Baseball America released a couple articles today disclosing the draft pick allotments for all thirty teams pick-by-pick, and team-by-team, and reportedly, picks have added 8.2% value to them in what MLB has assigned to the picks in terms of the dollars. A note on the spending budget from the Washington Post which explains what teams must keep in mind:
If teams spend more than their cap amount, the penalty is punitive to the point of being prohibitive: a 75 percent tax for exceeding the cap by 5 percent, up to a 100 percent tax and the loss of two future first-round picks for exceeding the bonus allotment by more than 15 percent.
What you will see is that most of the weaker teams in 2012 occupy the most cap budget for the Draft, and the Houston Astros took advantage of that last year by drafting a player first overall that they signed for much lower than the slot value, then signed the next player they drafted to an over-slot value, and all of a sudden people started to see how you might be able to play the system if you have the moneys allowed to do it.
The Giants have ten picks within the first ten rounds and have $4,712,200 total budgeted for them for these rounds. The Astros, Cubs, and Rockies have more budgeted for their first pick overall than the Giants, and if you add the Marlins, those four teams have double the amount they have budgeted for the first ten rounds (though not necessarily double the average budgeted amount per pick). Before this system, teams could spend what they want, without MLB doing much more than shaking its finger at a team, and then some MLB players wanted that money to go to them instead. The owners, always keen on wanting to save a buck, didn’t mind that, although I wouldn’t really say the money saved has gone to the MLB players, as you consider if that’s just TV money, or money not put into the amateurs.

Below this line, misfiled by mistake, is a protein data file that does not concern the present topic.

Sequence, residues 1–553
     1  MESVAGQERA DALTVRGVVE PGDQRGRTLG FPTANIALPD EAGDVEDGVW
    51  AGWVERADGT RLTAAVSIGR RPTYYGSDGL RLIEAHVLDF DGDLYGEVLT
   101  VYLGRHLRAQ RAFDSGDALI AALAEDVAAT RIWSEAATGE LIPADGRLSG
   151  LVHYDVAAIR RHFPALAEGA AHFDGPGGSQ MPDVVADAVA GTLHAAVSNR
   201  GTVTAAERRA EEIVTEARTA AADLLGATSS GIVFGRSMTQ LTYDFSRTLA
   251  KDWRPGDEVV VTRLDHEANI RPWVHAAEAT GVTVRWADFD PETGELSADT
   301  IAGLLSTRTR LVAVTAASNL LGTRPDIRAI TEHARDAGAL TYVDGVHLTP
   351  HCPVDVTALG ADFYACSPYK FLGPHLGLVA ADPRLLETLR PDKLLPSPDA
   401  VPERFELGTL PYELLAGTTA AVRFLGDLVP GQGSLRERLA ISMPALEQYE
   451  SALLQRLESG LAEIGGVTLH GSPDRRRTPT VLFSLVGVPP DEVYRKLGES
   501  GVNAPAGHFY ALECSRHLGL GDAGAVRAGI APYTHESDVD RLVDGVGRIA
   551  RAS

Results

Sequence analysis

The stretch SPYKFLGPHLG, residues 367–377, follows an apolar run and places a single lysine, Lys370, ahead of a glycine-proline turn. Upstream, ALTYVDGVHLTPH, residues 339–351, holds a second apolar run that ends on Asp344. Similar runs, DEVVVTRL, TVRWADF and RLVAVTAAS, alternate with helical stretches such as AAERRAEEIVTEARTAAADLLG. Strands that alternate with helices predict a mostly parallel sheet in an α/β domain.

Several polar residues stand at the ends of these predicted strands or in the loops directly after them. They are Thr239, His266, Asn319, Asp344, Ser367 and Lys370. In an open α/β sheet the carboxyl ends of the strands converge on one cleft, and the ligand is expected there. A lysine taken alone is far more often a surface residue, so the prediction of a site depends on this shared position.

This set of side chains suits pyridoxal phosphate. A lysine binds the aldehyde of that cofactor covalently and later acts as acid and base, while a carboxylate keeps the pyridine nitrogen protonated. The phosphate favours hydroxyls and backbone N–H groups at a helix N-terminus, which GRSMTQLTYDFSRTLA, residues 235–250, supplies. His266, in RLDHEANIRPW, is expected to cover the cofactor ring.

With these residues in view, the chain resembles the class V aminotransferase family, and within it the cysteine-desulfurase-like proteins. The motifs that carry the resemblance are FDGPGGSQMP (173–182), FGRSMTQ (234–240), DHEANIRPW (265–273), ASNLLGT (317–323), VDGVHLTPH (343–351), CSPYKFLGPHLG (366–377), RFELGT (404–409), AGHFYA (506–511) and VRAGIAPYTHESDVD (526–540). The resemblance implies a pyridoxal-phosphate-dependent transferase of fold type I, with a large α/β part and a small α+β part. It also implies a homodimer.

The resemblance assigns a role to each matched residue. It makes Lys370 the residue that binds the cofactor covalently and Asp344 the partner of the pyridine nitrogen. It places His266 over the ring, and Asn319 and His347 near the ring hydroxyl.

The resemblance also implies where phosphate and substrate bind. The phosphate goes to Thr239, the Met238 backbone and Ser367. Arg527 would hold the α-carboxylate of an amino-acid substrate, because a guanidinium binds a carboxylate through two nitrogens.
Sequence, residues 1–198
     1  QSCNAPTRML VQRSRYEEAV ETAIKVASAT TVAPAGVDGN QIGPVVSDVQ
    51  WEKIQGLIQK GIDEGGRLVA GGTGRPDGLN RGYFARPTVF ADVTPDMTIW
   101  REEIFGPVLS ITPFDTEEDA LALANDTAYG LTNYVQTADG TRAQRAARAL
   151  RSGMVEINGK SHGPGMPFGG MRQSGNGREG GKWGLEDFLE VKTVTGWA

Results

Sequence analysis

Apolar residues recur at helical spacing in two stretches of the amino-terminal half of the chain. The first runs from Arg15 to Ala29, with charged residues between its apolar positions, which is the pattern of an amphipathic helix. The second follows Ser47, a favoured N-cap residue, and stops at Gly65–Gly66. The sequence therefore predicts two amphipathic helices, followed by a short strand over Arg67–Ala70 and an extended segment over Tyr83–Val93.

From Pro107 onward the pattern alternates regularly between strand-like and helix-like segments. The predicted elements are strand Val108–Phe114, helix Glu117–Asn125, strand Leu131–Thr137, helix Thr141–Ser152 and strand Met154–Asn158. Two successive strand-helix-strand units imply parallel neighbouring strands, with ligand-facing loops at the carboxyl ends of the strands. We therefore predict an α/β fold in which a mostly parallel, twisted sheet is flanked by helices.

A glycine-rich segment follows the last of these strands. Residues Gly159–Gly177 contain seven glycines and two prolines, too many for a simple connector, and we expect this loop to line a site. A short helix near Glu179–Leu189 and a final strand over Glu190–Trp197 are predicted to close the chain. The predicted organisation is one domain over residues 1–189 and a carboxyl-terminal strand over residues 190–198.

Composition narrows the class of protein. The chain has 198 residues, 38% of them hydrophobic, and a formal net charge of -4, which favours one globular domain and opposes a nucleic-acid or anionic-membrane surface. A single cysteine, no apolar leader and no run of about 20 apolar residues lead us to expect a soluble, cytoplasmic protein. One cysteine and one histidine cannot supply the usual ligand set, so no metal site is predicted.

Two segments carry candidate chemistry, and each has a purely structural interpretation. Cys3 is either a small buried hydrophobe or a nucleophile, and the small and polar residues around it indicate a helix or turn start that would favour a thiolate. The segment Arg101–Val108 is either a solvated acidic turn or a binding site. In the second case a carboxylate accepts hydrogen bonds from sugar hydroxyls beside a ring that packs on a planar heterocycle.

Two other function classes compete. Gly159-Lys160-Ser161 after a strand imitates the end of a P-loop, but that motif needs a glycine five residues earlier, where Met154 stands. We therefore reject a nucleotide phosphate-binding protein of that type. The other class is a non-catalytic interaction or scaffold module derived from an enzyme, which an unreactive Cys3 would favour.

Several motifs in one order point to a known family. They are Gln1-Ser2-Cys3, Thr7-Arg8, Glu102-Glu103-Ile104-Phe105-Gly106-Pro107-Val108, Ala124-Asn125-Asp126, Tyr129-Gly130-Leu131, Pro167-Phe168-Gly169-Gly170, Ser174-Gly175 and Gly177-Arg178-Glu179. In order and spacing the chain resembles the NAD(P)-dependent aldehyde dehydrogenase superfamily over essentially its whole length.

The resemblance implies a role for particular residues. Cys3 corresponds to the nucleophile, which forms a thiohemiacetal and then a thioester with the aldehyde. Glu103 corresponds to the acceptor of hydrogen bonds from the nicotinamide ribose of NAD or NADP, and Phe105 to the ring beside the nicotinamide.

Don’t expect this system to change, and on the horizon there appears to be an international draft in the works, which should save owners even more money, making the rich richer, and keeping some of the young baseball players from getting the big money they would have got on the free market. The current restrictions of the international signing budget has every team having a set amount of money ($2.9MM) they can spend, or they will suffer the consequences. Is everybody getting paid? Sure. Is everybody getting paid what they should be getting paid on the open market? Definitely not, and that’s too bad for those players and their families.